Individual Retirement Accounts (IRAs)

For many people, an individual retirement account (IRA) is the best tool available to prepare for financial needs later in life. An IRA is an account that allows you to save for retirement while enjoying substantial tax advantages. IRAs allow you to choose from a full array of investment options, including stocks, bonds, options, ETFs, and mutual funds.

People are living longer in retirement than they used to, medical expenses are rising faster than the rate of inflation, and long-term elder care in particular has become a heavy financial burden for many families. Rollins Financial can help you and your family plan for a seamless transition, with financial peace of mind, to retirement.

The traditional IRA was made available to American workers by congress in 1975. Fewer employers were offering retirement options such as pensions and social security, while a great benefit to many elders, really only provides enough income to hedge against extreme poverty in retirement. The Roth IRA was created by the Taxpayer Relief Act of 1997, providing more flexibility to families.

IRAs are a great way to supplement the income generated from Social Security and any employer-sponsored retirement plan you have. They are easy to establish and the many financial products available within IRAs offer participants a great deal of flexibility.

There are different kinds of IRAs—traditional, Roth, SEP (Simplified Employee Pension), and Inherited—each offering its own unique advantages. Rollins Financial’s tax and investment experts will walk you through the ins and outs of each, and help you choose the account that’s best suited to your income, retirement goals, and individual needs.


Need help determining which IRA is right for you?

Each type of IRA has its own unique advantages. Rollins Financial’s tax and investment experts will walk you through the ins and outs of each.

Traditional IRA

In a traditional IRA, taxes on contributions are deferred until you actually withdraw your money. Since most retirees withdraw IRA funds in lower tax brackets than they would have while working, this can amount to significant tax savings. Taxpayers may deduct contributions to a traditional IRA if they meet certain conditions. If either the taxpayer or spouse was covered by a work-provided retirement plan during the tax year in question, the deduction may be reduced, phased out, or eliminated, depending on filing status and income.

Traditional IRAs offer you a great deal of investment flexibility. They typically allow users to choose any investment option that is available in a standard investment account, including common or preferred stocks, bonds, mutual funds, certificates of deposit(CDs), and exchange traded funds(ETFs).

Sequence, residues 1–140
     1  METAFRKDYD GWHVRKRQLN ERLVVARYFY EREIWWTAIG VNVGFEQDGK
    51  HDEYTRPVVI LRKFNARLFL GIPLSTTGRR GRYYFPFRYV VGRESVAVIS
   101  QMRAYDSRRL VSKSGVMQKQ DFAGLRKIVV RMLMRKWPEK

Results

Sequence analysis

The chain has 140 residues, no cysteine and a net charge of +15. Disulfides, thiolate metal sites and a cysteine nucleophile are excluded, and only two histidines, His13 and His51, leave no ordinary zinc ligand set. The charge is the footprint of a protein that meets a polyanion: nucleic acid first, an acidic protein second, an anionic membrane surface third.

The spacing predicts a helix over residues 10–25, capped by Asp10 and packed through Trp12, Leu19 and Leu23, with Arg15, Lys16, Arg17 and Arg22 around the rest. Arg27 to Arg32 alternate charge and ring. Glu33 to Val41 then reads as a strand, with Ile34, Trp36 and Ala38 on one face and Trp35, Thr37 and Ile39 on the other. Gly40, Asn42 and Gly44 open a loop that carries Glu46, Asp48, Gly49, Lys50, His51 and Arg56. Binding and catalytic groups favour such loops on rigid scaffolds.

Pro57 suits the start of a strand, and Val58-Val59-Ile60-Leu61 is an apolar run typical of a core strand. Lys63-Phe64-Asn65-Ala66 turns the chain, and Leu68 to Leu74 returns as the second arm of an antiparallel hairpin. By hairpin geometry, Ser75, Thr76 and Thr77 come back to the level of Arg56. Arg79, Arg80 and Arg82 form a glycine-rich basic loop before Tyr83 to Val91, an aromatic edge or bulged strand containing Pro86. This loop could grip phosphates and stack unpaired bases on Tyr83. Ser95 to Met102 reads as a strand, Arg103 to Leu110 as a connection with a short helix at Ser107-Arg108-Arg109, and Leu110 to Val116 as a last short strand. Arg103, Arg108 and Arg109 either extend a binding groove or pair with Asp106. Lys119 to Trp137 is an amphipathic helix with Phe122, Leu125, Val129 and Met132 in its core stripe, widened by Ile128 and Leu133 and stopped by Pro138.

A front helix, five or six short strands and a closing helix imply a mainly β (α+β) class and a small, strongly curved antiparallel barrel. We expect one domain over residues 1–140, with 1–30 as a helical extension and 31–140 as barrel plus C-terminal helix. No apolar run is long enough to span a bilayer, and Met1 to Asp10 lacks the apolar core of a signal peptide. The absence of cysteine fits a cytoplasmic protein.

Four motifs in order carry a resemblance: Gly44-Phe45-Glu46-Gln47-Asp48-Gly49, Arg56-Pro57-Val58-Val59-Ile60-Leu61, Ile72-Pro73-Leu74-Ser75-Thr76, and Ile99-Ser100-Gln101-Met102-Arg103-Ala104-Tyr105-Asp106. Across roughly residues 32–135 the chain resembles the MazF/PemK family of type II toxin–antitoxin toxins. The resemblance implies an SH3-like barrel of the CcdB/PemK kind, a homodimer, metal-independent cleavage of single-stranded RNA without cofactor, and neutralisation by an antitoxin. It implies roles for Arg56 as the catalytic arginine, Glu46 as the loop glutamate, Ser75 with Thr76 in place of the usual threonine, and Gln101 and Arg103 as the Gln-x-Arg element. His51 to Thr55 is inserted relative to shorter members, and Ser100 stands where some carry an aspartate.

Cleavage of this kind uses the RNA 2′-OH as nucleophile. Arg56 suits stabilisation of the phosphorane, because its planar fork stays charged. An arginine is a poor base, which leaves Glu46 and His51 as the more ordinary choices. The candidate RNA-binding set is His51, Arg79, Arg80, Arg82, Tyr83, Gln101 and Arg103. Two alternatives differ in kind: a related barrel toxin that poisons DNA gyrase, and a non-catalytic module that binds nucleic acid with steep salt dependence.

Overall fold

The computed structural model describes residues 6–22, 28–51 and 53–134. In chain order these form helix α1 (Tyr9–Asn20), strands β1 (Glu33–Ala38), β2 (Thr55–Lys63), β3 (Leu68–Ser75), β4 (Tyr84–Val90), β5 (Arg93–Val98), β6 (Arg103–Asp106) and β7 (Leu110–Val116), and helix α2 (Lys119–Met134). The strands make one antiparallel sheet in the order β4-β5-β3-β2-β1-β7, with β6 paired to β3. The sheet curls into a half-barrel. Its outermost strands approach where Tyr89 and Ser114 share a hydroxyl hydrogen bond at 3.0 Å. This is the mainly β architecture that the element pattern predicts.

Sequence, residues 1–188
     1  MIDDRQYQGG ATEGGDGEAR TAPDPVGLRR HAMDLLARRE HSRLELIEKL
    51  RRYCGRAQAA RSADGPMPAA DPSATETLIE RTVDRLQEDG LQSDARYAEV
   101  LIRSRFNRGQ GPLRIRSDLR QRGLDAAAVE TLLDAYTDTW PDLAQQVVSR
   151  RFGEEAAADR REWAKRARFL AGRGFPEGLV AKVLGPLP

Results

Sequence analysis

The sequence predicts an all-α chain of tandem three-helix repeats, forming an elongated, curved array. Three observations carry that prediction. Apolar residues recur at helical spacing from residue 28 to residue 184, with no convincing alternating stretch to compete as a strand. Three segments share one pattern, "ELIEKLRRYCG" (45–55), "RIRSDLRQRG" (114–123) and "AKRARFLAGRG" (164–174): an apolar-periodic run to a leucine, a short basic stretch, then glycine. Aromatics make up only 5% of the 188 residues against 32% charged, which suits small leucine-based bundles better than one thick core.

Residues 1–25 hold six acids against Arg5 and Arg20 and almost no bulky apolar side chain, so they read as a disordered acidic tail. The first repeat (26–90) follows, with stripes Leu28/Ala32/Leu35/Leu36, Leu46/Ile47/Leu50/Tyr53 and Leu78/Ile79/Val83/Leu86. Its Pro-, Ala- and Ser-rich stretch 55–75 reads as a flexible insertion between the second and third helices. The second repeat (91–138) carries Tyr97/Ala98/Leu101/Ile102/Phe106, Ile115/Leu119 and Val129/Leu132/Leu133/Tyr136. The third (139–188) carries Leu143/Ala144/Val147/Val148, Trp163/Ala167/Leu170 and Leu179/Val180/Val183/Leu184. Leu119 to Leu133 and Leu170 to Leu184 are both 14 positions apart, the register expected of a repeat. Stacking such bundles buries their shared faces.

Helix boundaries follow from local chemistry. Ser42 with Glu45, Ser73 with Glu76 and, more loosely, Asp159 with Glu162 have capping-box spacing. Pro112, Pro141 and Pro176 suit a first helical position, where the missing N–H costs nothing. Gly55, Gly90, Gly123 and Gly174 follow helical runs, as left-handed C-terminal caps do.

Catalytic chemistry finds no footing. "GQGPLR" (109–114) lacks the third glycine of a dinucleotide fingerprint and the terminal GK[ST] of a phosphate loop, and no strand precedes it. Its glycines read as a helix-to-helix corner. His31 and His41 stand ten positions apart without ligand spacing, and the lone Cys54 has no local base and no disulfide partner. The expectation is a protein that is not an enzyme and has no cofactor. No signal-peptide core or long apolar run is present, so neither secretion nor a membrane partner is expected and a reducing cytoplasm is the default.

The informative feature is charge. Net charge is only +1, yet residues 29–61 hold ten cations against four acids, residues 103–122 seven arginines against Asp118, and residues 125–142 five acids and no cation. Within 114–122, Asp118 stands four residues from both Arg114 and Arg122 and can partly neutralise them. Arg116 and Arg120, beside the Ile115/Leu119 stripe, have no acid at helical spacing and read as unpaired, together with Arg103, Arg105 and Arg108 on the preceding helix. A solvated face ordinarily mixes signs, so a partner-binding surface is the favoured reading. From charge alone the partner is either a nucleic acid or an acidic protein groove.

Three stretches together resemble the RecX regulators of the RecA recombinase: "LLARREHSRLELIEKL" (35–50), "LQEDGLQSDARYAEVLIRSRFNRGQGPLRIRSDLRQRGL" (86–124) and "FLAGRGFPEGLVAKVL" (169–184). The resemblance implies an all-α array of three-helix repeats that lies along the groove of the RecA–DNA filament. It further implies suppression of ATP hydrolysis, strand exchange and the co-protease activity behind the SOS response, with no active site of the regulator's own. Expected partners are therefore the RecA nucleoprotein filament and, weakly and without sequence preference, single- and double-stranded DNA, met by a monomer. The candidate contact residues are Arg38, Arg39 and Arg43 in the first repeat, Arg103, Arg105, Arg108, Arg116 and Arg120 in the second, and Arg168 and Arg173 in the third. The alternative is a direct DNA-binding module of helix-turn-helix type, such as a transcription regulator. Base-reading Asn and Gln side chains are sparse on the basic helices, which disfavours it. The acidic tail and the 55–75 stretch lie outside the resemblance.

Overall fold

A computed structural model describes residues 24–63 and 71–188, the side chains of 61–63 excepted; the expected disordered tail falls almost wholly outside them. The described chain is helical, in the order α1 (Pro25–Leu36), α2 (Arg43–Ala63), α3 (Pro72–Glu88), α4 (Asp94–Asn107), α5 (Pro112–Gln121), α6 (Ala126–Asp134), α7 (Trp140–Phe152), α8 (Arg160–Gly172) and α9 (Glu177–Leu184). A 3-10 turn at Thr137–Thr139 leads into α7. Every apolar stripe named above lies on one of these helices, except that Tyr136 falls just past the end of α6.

For tax year 2019, you many contribute up to $6000 annually into a traditional or a Roth IRA, and $7000 if you are over the age of 50. Anyone with earned income may continue making contributions until the age of 70 1/2. Withdrawals prior to the age of 59 1/2 are penalized, so there is a built-in financial incentive to preserve your IRA funds until retirement. Taxes on capital gains, interest, and dividends are deferred, which makes IRAs more tax efficient than an after-tax account. You pay no taxes until funds are withdrawn.

Roth IRA

A Roth IRA is an investment vehicle that allows you to put after-tax income into an investment account and grow that money through investing over time without ever having to pay income tax on the compounding profits you make in the account. Roth IRAs eliminate any uncertainty about income tax rates upon dispersal. Provided you wait until age 59 ½ you will not have to pay any taxes. This can add up to decades of tax-exempt compounded returns.

Because Roth IRAs are funded with post-tax dollars, they have a higher effective contribution limit than other IRAs. Principal, or direct contributions to a Roth IRA can be withdrawn without penalty at any time. Earnings can be withdrawn without penalty provided the funds have been invested for five years and the account holder is at least 59 ½.

Roth IRAs offer a distinct estate planning advantage over all other tax-deferred retirement plans. They do not require distributions based on age. If a Roth holder does not need the money, they can leave the account intact past the age of 70 ½ and continue accruing tax-free income. Roth IRAs can be willed, fully funded, to beneficiaries, who are then subject to normal distribution rules.

Simplified Employee Pension(SEP) IRA

A SEP IRA can be utilized by self-employed individuals or small business owners as a means of providing retirement benefits for themselves and their employees. Funds in a SEP IRA can be invested in the same wide array of financial products that are typically available in IRAs. If a SEP is being used to provide retirement benefits for employees, all those employees must receive the same benefits.

For tax purposes, SEP IRAs function like traditional IRAs. Withdrawals after the age of 59 ½ are taxed at ordinary income tax rates, and SEP contributions for an individual or a small business owner are tax deductible, lowering tax liability by the full amount of the contributions for the year.